Manipulating the photo-reactivity of molecules can be achieved either by chemical modification, changing the environment, or by dressing the potential energy surface with specially tailored electromagnetic fields. From cavity quantum electrodynamics it is well known that an optical resonator can modify spontaneous emission of atoms via quantization of the radiation field. While this topic has been studied for a long time by scientists from atomic physics and quantum optics, more recently its potential for the control photochemical reactions has been discovered. This discovery potentially opens up new possibilities to design photonic catalysts and light-matter materials.
This project will theoretically investigate the possibilities of controlling the excited state dynamics of molecules in cavities and develop new simulation techniques that properly handle coupled ensembles of molecules.
The successful candidate will develop a dynamics simulation method for a coupled many-molecule system in an optical cavity and use this method to investigate potential applications. This will involve the use excited state quantum chemistry method and their integration with a suitable nuclear dynamics technique. The candidate will implement the method in software.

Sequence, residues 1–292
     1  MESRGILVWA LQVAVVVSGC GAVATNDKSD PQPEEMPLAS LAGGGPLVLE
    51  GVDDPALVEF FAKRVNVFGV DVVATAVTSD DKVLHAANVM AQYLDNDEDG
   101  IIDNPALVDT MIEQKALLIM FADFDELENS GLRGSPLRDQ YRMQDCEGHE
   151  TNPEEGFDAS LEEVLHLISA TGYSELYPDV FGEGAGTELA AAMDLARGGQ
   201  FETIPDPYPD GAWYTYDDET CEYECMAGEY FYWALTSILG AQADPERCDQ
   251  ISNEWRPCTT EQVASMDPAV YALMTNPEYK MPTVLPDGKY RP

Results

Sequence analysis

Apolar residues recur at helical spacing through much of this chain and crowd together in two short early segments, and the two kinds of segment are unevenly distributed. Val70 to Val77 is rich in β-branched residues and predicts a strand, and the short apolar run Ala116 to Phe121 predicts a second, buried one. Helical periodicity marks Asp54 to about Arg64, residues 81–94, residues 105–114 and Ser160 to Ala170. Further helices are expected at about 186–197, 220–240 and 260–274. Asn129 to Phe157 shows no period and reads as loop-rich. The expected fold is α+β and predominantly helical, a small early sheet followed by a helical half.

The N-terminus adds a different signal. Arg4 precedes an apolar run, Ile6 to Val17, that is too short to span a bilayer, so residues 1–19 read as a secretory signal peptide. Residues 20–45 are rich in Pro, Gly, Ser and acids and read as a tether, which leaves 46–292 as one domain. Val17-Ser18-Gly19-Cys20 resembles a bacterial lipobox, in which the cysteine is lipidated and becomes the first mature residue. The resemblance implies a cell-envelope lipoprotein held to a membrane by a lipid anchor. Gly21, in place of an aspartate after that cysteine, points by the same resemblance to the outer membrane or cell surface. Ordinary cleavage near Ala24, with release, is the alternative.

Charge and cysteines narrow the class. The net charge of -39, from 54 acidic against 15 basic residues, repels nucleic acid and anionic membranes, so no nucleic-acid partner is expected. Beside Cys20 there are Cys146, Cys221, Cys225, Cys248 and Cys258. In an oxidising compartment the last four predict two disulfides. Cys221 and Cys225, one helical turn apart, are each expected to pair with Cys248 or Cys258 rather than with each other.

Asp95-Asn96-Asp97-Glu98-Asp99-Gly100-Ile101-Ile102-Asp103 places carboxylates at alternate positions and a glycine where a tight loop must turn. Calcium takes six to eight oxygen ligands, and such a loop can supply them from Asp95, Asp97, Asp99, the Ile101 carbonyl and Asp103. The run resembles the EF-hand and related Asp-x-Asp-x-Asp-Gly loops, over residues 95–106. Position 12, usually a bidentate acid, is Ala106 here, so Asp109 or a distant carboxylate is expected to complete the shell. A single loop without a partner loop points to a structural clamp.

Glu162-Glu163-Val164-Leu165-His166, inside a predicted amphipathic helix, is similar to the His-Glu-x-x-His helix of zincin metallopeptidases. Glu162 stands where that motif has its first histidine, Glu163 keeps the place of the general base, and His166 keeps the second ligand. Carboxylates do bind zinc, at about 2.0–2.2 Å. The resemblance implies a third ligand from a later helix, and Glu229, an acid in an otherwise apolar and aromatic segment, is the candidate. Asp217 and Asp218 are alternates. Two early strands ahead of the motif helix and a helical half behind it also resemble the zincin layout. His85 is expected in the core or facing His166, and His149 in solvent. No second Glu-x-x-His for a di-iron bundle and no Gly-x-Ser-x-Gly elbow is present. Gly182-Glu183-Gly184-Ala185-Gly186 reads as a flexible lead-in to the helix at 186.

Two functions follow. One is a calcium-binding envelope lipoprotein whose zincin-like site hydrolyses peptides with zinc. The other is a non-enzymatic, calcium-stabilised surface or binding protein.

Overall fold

The second part of the project will involve the application of the developed method to a specific molecular system. The aim is to identify a cavity based photocatalytic scheme that allows for influence the decomposition pathways of environmentally relevant molecules.
Postdoctoral positions are appointed primarily for purposes of research. Applicants are expected to hold a Swedish doctoral degree or an equivalent degree from another country.
A suitable background is a PhD in theoretical molecular physics or theoretical chemistry and experience with quantum chemistry methods (e.g, CASSCF, CASSPT2, or similar electronic structure methods), quantum dynamics or semi-classical molecular dynamic schemes, quantum optics, and programming in a common language (e.g. MATLAB, Fortran, Python, C++, or Julia). Well-developed English language skills are required.